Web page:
DNA profiling has many uses, notably in criminal investigations. It often allows the identification of a victim, or can ‘tie’ a suspect to the scene of a crime. However, it does have other uses. When applied to animal populations, it can give information as to the origins of the population, the extent of inbreeding / outbreeding etc. Recently, Dr Lisa Signorile (Imperial College, London) has applied DNA technology to the grey squirrel populations of the U.K. and Italy.
It has generally been accepted that the grey squirrels spread across the country quickly after they were introduced here in late Victorian times. The various populations were thought to have interbred and expanded quickly. However, Dr Signorile’s results indicate the many of the U.K. grey squirrel populations are still genetically distinct, that is, the level of interbreeding has been limited. The results also indicate that humans have had a significant hand in the introduction of grey squirrels to different area. For example, the population of grey squirrels in Aberdeen are most closely related to populations found in Hampshire – near the New Forest.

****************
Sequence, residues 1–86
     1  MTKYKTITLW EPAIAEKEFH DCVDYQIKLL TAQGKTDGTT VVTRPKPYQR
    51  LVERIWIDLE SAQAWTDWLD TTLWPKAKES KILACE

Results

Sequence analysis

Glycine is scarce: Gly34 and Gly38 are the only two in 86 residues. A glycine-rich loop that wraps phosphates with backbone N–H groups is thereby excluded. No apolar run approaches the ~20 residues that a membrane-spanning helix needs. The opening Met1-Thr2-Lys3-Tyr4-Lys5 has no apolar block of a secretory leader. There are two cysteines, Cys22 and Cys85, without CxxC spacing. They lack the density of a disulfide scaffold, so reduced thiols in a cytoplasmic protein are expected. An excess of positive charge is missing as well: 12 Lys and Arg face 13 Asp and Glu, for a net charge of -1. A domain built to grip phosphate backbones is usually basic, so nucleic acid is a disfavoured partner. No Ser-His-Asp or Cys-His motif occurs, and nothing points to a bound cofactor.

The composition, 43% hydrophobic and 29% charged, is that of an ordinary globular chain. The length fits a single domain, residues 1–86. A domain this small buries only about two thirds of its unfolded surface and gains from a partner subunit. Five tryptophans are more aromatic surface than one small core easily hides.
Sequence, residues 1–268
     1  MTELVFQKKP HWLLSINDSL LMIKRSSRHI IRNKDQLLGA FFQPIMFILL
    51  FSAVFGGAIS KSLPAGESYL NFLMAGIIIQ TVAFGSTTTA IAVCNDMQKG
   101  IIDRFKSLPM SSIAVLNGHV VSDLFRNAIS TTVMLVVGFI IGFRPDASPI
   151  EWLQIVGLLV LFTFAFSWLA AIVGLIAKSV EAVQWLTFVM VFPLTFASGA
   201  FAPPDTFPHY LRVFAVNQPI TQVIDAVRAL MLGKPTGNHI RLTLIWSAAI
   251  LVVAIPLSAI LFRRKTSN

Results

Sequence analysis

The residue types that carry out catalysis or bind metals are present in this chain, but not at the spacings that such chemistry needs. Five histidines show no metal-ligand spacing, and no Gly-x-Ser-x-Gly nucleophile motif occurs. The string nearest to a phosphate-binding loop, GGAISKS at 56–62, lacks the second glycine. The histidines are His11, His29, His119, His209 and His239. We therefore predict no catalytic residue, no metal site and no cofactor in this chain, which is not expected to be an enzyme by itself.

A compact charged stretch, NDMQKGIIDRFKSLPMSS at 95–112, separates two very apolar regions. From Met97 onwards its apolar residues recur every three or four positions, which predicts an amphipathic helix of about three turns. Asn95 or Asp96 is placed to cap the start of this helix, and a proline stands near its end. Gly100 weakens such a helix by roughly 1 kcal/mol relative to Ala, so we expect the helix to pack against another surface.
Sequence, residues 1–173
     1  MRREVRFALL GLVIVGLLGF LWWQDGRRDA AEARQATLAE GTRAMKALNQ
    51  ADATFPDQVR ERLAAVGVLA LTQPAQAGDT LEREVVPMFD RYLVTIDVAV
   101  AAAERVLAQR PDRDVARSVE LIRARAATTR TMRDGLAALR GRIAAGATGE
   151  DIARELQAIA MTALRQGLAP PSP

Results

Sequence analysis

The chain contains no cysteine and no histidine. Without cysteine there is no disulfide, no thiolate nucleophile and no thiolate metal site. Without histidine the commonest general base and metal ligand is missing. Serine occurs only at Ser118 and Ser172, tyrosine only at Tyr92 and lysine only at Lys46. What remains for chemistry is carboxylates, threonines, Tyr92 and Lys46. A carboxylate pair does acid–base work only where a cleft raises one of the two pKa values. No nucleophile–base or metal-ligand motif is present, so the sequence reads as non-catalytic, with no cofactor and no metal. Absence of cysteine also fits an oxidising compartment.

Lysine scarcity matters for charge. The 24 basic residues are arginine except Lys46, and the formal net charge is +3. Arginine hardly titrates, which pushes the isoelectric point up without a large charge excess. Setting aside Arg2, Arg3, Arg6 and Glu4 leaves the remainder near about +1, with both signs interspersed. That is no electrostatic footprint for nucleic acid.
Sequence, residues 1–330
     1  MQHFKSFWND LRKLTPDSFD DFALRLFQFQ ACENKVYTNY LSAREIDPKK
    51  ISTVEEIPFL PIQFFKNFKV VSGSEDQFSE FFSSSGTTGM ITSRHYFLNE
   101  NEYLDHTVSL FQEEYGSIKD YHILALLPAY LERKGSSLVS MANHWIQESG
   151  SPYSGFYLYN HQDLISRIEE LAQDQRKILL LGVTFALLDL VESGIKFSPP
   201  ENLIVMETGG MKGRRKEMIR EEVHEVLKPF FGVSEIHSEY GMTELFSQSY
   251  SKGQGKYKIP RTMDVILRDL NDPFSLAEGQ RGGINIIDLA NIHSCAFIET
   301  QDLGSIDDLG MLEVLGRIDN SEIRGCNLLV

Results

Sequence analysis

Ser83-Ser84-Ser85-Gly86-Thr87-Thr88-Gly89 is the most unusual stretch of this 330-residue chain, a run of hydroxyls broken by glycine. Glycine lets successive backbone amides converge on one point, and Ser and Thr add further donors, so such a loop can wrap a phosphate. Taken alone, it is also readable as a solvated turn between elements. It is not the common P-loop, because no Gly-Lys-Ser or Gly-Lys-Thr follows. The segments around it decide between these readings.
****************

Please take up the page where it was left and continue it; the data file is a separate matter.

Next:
One person associated with the spread of the grey squirrel was the 11th Duke of Bedford (Herbrand Russell). Whilst he was involved in various animal conservation projects, he released and ‘gifted’ many grey squirrels from Woburn. The populations of grey squirrels in Regent’s Park, London are thought to have come from there. The concept of invasive species was not current in Victorian times.
It is quite possible that humans are still aiding and abetting the spread of the grey squirrel – sometimes inadvertently. For example, one squirrel captured on the Isle of Skye (in 2010) had come from Glasgow (as revealed by its genetic profile); it had stowed away under a car bonnet and escaped on Skye. It is important that we are aware of how ‘easy’ it is for these animals to travel with us – their introduction to areas where the red squirrel is still established could be disastrous.